Podcast

Marketing approach for attractions during a time of capped capacity. With Jules Ozbek, Head of Sales and Marketing at Continuum Attractions

In today’s Skip the Queue episode I speak with the brilliant Jules Ozbek, Head of Sales and Marketing at Continuum Attractions.

We discuss their marketing approach for attractions during a time of capped capacity and their approach to marketing segmentation that’s not driven by demographics.

“Whilst the attraction has been sanitised, the experience hasn’t, and there’s still a richness to the experience.”

What will you learn from this podcast?

  • Marketing approaches for attractions during a time of capped capacity
  • Keeping your existing audience engaged
  • Marketing segmentation that’s not driven by demographics

To listen to the full podcast, search Skip The Queue on iTunes, Google Podcasts and Spotify to subscribe. You can find links to every episode and more at www.rubbercheese.com/podcast.

You can also read the full transcript below.

The interview

Your host, Kelly Molson

Our guest, Jules Ozbek

Kelly Molson: Jules, thank you for coming on the podcast today. It’s lovely to have you with us. I really appreciate your time.

Jules Ozbek: Pleasure.

Kelly Molson: I always start off these podcast interviews with a few little icebreaker questions, because we haven’t spoken before and I think it’s quite nice to just get to know the real you.

All right. So first one, where is the worst place you could get stuck?

Jules Ozbek: The Tube at rush hour.

Kelly Molson: Yeah. How tall are you, as well, because I have that-

Jules Ozbek: I’m five foot two.

Kelly Molson: Yeah, me too. I’m going to say I’m five, two and a half because that half makes a difference. But I’m at armpit height as well.

Jules Ozbek: Exactly.

Kelly Molson: It’s the worst.

Jules Ozbek: And I suffer a little bit from Claustrophobia, so being on the Tube, under people’s armpits at rush hour, yeah, worst nightmare.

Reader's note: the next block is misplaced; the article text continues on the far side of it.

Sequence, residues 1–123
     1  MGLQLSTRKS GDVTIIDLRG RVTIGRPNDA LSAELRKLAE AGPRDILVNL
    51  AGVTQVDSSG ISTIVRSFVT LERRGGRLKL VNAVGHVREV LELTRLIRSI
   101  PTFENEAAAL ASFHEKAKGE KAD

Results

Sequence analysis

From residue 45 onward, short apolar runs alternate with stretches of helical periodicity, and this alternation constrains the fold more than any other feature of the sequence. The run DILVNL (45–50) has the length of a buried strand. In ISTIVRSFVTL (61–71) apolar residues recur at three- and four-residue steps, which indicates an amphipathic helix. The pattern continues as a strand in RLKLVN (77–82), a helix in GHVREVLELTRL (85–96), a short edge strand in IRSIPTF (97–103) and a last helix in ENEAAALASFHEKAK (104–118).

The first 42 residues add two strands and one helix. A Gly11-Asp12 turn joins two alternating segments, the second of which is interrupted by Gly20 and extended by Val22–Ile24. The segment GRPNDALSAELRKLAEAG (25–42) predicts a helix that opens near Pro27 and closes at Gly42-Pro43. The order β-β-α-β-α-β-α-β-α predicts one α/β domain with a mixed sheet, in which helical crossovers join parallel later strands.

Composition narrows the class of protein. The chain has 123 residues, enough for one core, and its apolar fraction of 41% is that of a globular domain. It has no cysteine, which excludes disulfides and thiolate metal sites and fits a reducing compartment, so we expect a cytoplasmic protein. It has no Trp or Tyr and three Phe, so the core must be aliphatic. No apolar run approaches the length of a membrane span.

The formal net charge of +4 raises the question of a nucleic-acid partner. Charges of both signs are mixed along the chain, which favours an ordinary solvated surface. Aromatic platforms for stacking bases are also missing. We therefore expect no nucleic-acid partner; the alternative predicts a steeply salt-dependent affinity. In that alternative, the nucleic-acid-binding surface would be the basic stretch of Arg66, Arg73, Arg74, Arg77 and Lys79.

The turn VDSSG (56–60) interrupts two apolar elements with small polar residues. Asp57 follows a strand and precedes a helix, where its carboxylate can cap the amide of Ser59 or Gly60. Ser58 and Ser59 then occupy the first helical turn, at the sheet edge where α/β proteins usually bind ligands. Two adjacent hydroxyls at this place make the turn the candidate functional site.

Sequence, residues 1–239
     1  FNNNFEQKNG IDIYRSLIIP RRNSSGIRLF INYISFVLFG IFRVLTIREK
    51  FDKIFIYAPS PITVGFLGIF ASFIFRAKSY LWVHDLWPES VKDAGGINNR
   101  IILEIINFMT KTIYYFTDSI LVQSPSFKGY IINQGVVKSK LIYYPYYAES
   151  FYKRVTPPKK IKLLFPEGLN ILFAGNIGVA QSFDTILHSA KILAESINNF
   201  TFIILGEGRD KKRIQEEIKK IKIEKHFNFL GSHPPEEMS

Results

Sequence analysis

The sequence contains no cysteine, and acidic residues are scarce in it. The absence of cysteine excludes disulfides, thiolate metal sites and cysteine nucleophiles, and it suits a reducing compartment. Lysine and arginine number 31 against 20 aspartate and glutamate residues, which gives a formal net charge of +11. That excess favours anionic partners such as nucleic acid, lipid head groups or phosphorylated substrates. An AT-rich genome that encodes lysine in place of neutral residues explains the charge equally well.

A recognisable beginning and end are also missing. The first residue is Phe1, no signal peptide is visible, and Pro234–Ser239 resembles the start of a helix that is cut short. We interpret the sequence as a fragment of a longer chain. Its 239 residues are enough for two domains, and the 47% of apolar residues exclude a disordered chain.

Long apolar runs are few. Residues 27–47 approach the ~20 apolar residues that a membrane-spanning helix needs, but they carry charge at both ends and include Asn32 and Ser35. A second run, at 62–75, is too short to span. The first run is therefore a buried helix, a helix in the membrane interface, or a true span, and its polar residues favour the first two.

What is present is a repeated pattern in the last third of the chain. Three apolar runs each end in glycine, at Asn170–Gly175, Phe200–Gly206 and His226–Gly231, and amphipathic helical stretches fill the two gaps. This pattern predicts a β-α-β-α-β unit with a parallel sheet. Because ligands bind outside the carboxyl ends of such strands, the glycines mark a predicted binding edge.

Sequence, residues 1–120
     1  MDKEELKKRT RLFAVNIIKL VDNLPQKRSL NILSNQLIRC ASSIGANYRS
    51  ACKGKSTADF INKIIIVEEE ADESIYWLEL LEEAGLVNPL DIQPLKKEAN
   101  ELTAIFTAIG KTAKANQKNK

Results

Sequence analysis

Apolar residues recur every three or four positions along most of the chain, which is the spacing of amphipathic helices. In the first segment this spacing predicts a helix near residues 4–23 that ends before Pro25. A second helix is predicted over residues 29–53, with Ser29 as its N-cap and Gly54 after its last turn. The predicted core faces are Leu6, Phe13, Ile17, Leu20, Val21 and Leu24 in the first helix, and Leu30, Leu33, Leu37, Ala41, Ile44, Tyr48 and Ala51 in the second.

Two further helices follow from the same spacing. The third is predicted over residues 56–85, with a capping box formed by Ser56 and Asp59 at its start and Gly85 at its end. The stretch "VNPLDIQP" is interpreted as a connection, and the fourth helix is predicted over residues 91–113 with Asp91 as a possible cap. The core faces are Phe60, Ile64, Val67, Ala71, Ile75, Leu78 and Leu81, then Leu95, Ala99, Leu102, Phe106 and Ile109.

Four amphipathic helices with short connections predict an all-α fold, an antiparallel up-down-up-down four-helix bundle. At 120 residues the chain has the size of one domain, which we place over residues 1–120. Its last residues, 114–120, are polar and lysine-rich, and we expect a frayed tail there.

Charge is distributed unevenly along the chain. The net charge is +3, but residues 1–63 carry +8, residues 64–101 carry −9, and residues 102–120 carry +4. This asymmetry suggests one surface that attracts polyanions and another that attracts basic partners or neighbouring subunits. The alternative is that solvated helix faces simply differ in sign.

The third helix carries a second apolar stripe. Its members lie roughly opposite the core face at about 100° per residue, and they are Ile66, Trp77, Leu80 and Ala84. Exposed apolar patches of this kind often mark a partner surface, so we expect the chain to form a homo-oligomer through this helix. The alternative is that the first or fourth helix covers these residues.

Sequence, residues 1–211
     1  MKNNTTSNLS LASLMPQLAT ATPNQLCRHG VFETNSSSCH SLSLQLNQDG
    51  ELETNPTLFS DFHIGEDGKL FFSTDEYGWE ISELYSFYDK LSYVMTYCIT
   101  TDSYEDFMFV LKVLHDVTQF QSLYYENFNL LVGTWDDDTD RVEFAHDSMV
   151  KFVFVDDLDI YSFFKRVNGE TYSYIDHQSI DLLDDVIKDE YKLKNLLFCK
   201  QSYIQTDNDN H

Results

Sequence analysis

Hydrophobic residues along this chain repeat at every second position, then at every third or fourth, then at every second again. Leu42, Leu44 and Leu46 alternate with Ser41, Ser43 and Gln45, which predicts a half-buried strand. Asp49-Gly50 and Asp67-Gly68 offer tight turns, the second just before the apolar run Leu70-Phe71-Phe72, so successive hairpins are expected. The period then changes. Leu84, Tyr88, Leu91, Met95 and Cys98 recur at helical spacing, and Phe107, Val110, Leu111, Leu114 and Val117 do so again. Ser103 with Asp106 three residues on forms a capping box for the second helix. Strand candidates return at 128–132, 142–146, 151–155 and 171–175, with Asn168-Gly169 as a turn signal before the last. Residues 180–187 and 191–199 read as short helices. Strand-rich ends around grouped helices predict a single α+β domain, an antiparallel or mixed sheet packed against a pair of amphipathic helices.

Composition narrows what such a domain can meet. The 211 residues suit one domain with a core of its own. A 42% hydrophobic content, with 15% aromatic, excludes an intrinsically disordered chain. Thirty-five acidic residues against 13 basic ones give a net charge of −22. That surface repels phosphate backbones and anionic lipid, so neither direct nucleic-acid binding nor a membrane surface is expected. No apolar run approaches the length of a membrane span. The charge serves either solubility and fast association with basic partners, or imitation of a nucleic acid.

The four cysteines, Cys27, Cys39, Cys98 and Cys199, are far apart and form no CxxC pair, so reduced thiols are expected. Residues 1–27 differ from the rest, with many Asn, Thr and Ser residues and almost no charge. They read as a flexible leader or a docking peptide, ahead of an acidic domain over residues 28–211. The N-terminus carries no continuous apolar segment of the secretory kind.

Kelly Molson: I’m with you. I’m totally with you on that one. Okay. What is your favorite movie quote?

Jules Ozbek: Gosh, that’s a hard one. The one that springs to mind first is, “Don’t put baby in the corner,” but I think that’s because I was a Dirty Dancing fan as a teenager.

Kelly Molson: Who isn’t? I mean, still am.

Jules Ozbek: And I’d hate to be put in the corner myself.

Kelly Molson: I think that’s a great answer. I’m an ’80s film fan as well, so that really hits the spot with me.

Jules Ozbek: Definitely. You can’t beat, Dirty Dancing and Top Gun are two of my all-time favorite movies.

Kelly Molson: Yes. My quote is a Top Gun quote. Absolutely, it would have been a Top Gun quote.

All right. So this is the last icebreaker question, but it’s always my favorite one. So can you tell me something that’s true to you, that almost nobody agrees with you on? So what is your unpopular opinion?

Jules Ozbek: Oh, gosh. That’s really a hard one. Breakfast food is the best and could be eaten at every mealtime.

Kelly Molson: Yeah. Are we talking continental?

Jules Ozbek: No. I mean, continental’s great because who doesn’t ever pain au chocolat? But I’m talking like pancakes. You could have pancakes for lunch quite easily. You can make a mid-meal out of breakfast, which is brunch, and who doesn’t love brunch because you can also have a mimosa with brunch.

Kelly Molson: You are my kind of woman, Jules.

Jules Ozbek: Yeah. Bacon sandwich, BLT. You can eat that stuff any time of the day. So if I had to pick one meal time to eat for the rest of my life, it would be breakfast and all its glory.

Kelly Molson: And with the mimosas thrown in as well.

Jules Ozbek: Yeah.

Kelly Molson: It’s a perfect combination. Great. Thank you. Anyway, moving on. So Jules, can you tell us what your background has been in the attractions world and how you’ve come to work with Continuum?